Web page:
While confidence is far from restored in emerging markets (EM) assets given the effects of the coronavirus, some investors may be looking for value opportunities in the EM space amid the current panic selling. However, before investors go bargain hunting, they need to exercise some discipline as opposed to allocating their capital blindly.
In an interview with Institutional Investor, Arup Datta, Head of Global Quantitative Equity at Mackenzie Investments, discussed how EM provides the perfect backdrop for quantitative strategies. This same lens could be applied for investors looking for EM opportunities while assets are cheap.
“First, it’s a less efficient market than the rest of the world, and there’s also less competition than there is in U.S. large cap,” said Datta. “Both of those facts should lead to more alpha for either fundamental investors or quants. However, we believe it’s the breadth of names in emerging markets that plays into the strengths of quantitative strategies.”
“For example, in our investible emerging market universe we cover about 6,000 stocks that we rank on a daily basis,” Datta added. “It’s very hard for a fundamental manager to do that – I don’t know of any fundamental manager that can. Breadth is your friend, and you can leverage computing power and your models to cover more stocks pretty easily. I believe that’s why, historically speaking, quants have delivered good alpha in emerging markets.”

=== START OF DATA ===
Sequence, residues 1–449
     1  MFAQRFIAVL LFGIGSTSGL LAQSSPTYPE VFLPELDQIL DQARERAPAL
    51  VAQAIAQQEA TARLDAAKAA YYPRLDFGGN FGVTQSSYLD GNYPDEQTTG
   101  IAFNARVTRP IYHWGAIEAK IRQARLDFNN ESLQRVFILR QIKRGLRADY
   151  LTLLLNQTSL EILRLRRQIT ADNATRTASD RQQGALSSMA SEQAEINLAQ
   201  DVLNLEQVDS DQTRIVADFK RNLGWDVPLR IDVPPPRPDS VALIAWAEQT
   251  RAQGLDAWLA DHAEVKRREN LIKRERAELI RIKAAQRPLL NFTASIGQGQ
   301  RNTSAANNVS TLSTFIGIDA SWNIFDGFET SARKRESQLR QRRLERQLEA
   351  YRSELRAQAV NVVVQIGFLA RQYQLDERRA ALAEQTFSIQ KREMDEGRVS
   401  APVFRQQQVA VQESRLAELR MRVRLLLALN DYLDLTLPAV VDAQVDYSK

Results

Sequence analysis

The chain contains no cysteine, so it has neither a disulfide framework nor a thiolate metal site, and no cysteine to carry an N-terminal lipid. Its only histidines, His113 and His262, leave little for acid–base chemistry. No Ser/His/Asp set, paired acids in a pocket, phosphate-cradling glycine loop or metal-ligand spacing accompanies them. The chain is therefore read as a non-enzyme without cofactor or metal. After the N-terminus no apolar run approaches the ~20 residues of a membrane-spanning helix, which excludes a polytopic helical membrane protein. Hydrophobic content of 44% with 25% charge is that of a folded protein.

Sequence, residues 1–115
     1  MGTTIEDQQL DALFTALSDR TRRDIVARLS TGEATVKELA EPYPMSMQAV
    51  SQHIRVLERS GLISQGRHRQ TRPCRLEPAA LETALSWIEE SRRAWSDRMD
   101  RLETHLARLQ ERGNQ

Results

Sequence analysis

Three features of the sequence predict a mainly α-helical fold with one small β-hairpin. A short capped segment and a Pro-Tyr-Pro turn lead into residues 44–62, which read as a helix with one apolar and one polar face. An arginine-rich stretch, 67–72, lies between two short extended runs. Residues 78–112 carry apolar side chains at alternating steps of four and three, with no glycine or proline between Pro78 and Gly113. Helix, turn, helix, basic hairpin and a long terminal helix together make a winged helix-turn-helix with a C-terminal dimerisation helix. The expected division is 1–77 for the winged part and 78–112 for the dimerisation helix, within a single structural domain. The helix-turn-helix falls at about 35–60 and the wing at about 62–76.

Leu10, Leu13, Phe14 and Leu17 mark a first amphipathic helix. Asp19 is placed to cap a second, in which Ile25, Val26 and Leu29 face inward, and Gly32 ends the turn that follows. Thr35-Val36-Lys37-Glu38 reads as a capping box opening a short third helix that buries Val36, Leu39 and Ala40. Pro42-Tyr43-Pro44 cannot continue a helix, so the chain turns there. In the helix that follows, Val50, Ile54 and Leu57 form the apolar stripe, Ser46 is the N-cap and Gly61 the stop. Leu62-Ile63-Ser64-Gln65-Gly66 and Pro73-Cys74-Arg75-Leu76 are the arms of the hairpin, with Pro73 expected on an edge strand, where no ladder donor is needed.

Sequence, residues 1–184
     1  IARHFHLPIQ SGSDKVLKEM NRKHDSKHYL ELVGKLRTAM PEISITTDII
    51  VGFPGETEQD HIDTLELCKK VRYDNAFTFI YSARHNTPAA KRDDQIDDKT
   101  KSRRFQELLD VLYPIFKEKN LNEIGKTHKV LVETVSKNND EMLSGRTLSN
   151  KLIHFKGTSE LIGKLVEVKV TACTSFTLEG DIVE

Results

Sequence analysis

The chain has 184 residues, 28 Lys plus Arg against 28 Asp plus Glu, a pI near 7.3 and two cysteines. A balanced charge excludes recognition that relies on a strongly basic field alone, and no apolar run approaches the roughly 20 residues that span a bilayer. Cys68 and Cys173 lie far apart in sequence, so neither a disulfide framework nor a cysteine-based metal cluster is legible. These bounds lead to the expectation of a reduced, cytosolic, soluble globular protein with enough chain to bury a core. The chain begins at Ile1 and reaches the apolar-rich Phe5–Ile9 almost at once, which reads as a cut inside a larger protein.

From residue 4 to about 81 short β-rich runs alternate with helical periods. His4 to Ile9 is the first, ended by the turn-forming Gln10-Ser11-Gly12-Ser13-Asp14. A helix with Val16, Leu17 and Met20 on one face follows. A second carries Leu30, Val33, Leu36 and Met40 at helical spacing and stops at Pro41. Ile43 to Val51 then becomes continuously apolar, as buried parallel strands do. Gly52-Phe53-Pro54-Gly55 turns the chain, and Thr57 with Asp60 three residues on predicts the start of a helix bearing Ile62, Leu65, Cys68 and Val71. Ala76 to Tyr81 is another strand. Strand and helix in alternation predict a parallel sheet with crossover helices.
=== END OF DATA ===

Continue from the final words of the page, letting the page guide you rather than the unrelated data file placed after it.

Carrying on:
Investors looking at EM must also be aware of the volatility these equities can exhibit, especially given the latest market reactions to the coronavirus.
“Everyone knows that emerging markets are more volatile stocks than, say, U.S. large cap,” Datta said. “Risk models are relevant everywhere, but become even more relevant in an area like EMs where the stocks you trade move around more than in other areas. A good quant manager builds its own proprietary risk model – we don’t just rely on standard providers. We build our own risk model that is attuned to our process and can better determine the risk in our portfolios. It’s much more finely honed in terms of how we position size a name. Once we like a name, we use our algorithm to determine how much we can buy of that name.”
For investors looking for the continued upside in emerging market assets as the effects of the coronavirus weaken in China, the Direxion MSCI Emerging Over Developed Markets ETF (RWED) offers them the ability to benefit not only from emerging markets potentially performing well, but from emerging markets outperforming developed markets.
RWED seeks investment results that track the MSCI Emerging Markets IMI – EAFE IMI 150/50 Return Spread Index. The Index measures the performance of a portfolio that has 150 percent long exposure to the MSCI Emerging Markets IMI Index and 50 percent short exposure to the MSCI EAFE IMI Index.
This article originally appeared on ETFTrends.com.